I could include many more facts about influenza in this post, but I decided to focus on addressing some of the more common misinformation. For more questions and details about influenza itself or the vaccine, the CDC website (http://www.cdc.gov/flu/index.htm) is excellent. Click on “Flu Basics” and you will find a wealth of easy-to-peruse information.
While we’re at it, let’s talk about some additional influenza vaccine issues for the current “flu” season:
Flumist: The intranasal form of the influenza vaccine was not recommended last year, and it is still not recommended for the 2017-2018 flu season, either. Even though research conducted by the CDC determined that Flumist was not as effective at taming the flu, it is still approved by the FDA. So if you prefer an “up-the-nose” dose of the influenza vaccine as opposed to a needle stick, and can find a health care provider who is offering it this year, you may receive it. Just know that this intranasal form may not protect you as well from influenza as the injection will. For more details, take a look at this link:
What’s up “Down Under”: Australia has had a rough influenza season due to the influenza A strain H3N2, and as of August 18th, 2017, there have been more than double the number of cases of the flu and also twice the deaths as of the same time last year. It’s widely accepted that the trend in OZ can indicate what we in the northern hemisphere can expect, experts are preparing for a nasty flu season here as well. Translation: get your kids and yourself vaccinated against influenza. The vaccine, whether it contains three or four strains of influenza, will cover you against an H3N2 virus.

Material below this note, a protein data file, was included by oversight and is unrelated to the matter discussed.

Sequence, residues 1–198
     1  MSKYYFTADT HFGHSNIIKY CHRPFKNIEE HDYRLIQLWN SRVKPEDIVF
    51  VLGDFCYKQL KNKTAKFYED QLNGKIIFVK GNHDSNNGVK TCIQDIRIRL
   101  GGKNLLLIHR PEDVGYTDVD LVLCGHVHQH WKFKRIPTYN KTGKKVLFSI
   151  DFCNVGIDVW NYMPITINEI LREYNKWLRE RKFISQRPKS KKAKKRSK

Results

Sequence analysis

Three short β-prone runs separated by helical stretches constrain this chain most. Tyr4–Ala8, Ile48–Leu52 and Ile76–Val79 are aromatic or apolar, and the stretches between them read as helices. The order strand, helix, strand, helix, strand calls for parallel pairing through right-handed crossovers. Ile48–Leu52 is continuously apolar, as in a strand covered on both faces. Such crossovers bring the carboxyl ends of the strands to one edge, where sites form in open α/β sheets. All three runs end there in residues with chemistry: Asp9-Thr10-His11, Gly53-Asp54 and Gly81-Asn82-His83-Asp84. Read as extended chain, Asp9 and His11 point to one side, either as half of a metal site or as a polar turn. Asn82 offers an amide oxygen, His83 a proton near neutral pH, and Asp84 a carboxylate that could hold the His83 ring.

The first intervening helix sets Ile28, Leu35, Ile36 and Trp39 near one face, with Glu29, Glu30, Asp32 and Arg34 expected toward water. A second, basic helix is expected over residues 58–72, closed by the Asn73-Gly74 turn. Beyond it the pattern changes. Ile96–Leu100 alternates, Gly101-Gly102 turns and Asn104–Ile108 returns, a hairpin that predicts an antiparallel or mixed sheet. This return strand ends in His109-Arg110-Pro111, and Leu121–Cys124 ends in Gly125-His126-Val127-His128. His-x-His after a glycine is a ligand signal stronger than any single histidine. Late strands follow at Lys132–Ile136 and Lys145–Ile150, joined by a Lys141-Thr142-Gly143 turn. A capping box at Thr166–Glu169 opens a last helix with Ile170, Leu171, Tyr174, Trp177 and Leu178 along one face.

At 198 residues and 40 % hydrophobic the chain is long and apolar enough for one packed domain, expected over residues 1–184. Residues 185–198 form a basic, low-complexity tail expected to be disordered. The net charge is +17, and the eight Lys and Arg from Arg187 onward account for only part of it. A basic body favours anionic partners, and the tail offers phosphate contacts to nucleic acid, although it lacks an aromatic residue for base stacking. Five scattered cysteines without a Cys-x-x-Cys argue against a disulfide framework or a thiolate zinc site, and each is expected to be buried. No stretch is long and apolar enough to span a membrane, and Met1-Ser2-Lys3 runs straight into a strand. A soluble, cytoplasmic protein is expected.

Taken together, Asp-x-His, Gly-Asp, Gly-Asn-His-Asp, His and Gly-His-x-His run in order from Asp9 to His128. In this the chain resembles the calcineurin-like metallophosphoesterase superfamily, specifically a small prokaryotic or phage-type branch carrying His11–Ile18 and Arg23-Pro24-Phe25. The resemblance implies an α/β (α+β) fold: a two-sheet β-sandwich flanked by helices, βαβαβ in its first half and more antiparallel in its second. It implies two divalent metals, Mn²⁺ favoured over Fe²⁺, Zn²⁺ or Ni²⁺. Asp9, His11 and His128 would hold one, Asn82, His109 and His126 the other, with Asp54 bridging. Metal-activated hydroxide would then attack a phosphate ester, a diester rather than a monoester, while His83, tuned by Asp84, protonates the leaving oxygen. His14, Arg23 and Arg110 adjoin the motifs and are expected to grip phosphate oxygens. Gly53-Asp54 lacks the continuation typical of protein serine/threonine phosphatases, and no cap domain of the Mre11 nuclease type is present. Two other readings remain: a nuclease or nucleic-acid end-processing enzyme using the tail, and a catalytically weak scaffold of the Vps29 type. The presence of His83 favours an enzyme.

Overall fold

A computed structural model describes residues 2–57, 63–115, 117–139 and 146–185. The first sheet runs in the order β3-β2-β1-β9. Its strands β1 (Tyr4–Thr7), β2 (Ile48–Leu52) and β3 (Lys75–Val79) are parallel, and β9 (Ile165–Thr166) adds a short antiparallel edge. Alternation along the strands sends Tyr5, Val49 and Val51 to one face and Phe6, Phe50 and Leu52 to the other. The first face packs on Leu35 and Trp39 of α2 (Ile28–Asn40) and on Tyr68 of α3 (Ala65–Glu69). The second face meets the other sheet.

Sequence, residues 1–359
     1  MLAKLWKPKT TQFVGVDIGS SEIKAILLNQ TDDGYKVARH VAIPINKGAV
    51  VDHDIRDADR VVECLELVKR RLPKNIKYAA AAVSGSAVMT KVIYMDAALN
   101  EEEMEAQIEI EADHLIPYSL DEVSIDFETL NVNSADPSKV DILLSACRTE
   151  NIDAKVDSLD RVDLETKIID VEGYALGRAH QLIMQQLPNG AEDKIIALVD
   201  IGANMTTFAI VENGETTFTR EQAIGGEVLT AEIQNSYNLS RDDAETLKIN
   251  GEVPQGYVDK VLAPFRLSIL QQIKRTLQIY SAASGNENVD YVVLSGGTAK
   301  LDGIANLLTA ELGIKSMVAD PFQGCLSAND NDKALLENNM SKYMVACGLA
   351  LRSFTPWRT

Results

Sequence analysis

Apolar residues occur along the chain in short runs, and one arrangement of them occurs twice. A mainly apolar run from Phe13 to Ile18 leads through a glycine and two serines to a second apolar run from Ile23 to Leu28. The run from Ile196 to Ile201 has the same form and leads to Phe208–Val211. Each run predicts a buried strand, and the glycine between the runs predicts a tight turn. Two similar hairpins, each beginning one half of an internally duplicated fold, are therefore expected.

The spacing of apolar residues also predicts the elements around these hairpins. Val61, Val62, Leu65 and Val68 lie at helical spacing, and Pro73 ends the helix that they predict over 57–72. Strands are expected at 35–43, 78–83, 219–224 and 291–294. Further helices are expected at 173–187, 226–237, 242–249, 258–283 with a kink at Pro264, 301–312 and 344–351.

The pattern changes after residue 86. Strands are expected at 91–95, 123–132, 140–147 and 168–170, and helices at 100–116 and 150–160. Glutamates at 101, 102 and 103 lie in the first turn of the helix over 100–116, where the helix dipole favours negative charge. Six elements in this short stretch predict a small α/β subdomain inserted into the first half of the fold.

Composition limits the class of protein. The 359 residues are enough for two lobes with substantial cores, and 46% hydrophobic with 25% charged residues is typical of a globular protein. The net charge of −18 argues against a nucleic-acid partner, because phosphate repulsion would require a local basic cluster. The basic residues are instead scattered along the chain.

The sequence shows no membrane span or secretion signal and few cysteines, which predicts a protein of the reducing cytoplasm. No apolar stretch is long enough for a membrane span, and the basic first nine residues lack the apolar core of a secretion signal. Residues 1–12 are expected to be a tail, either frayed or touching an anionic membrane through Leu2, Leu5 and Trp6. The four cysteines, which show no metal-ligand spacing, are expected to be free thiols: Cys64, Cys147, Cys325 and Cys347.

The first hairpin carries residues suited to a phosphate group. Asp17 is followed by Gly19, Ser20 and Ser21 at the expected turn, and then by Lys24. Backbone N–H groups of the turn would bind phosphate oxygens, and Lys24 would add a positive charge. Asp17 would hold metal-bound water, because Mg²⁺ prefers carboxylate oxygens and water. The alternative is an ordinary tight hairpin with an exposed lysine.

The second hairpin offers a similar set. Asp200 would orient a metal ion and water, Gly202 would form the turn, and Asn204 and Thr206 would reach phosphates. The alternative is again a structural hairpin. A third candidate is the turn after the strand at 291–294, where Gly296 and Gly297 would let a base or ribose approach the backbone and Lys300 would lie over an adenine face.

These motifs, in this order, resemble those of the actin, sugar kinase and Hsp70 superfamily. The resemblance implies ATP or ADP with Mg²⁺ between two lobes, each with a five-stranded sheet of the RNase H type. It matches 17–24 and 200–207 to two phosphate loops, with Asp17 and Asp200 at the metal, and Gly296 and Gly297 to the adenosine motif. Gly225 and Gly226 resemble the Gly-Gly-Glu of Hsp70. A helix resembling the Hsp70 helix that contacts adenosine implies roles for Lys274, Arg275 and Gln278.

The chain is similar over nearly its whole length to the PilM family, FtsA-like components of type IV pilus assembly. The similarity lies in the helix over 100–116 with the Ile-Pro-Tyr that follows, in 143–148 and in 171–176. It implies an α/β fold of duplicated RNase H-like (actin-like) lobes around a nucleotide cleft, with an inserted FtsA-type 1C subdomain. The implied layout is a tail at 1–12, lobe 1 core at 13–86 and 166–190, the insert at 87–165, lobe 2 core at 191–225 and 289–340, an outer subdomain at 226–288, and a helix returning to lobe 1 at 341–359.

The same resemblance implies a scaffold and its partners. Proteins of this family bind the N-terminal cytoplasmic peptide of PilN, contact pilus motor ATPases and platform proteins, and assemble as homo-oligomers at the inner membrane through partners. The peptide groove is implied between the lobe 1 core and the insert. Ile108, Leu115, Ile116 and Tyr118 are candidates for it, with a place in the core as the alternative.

And a topic we can’t overlook in a discussion regarding the influenza vaccine:
The mercurial mercury issue: A friend-of-a-friend on Facebook posted this reason for not getting a flu shot: “The mercury (in the flu shot) causes cancer.” Ok, there are so many things wrong with this statement. For one, mercury is not known to cause cancer. It is linked to dementia, tremors and kidney failure, among other health-related problems… but not cancer. And thimerosal, the form of mercury (ethyl mercury) that acts as a preservative in the multi-dose vials of influenza vaccine, is not toxic to humans. There is a substantial body of evidence that supports this. However, methyl mercury, which is found in fish (ahi tuna and swordfish, for example), is toxic to the human nervous system when consumed in sufficient amounts. In short, your seafood dinner is much, much more likely to contain toxic mercury than your flu shot (which doesn’t at all). But if the idea of thimerosal in your vaccine still concerns you, ask for the single-dose injection; it is thimerosal/mercury-free.
***[The acronym FACTS, can help you sort out whether symptoms are related to the common cold or influenza: Fever, Aches, Chills, Tiredness and Sudden onset (of these symptoms) suggest the flu. However, this is a guideline and if you have any concerns at all, see your family’s physician.]